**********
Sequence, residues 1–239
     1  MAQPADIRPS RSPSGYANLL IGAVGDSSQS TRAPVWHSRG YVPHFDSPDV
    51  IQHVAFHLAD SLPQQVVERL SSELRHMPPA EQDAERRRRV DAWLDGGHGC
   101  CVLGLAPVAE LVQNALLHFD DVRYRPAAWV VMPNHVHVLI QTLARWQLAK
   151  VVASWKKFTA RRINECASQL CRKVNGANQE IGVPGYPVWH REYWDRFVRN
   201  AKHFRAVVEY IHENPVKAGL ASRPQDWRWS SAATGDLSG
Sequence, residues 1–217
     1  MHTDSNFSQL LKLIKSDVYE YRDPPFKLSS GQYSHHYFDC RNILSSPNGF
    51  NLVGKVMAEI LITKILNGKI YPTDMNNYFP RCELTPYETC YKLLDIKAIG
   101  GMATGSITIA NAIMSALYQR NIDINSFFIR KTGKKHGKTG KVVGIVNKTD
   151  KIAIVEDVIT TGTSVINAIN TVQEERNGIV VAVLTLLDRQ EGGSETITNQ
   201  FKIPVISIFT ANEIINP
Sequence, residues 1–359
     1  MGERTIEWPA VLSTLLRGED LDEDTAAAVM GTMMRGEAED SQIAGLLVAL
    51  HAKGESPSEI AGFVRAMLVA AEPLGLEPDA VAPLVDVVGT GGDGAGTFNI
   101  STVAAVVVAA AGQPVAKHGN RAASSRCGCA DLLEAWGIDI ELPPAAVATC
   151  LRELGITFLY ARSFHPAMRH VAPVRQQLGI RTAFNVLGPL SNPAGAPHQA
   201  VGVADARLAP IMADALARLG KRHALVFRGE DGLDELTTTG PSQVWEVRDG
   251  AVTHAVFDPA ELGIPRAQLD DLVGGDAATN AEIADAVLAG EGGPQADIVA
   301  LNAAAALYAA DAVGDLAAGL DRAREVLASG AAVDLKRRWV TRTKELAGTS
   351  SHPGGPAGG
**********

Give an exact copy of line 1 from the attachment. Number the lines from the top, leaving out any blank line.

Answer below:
Sequence, residues 1–239